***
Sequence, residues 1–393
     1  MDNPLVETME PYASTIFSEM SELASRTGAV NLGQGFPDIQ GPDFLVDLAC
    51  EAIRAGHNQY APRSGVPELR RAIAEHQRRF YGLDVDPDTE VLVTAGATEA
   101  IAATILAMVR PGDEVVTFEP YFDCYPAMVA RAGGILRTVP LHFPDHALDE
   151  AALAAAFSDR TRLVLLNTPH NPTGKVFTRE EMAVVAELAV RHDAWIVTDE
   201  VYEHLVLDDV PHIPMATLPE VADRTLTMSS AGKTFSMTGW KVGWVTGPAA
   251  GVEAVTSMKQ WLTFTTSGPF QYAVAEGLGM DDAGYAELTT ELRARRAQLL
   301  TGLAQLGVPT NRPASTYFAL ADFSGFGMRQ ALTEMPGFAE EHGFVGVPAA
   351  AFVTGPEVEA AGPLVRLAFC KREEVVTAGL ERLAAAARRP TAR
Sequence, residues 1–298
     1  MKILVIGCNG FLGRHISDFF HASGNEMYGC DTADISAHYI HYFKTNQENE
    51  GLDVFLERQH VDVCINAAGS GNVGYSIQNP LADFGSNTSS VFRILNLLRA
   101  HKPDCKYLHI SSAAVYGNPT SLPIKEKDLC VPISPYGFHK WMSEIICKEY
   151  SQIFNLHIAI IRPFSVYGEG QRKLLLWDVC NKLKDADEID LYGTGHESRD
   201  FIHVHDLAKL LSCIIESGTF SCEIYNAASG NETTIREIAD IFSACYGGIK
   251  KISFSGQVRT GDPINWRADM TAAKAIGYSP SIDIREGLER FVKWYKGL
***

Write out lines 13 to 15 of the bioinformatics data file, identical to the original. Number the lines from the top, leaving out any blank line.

   101  HKPDCKYLHI SSAAVYGNPT SLPIKEKDLC VPISPYGFHK WMSEIICKEY
   151  SQIFNLHIAI IRPFSVYGEG QRKLLLWDVC NKLKDADEID LYGTGHESRD
   201  FIHVHDLAKL LSCIIESGTF SCEIYNAASG NETTIREIAD IFSACYGGIK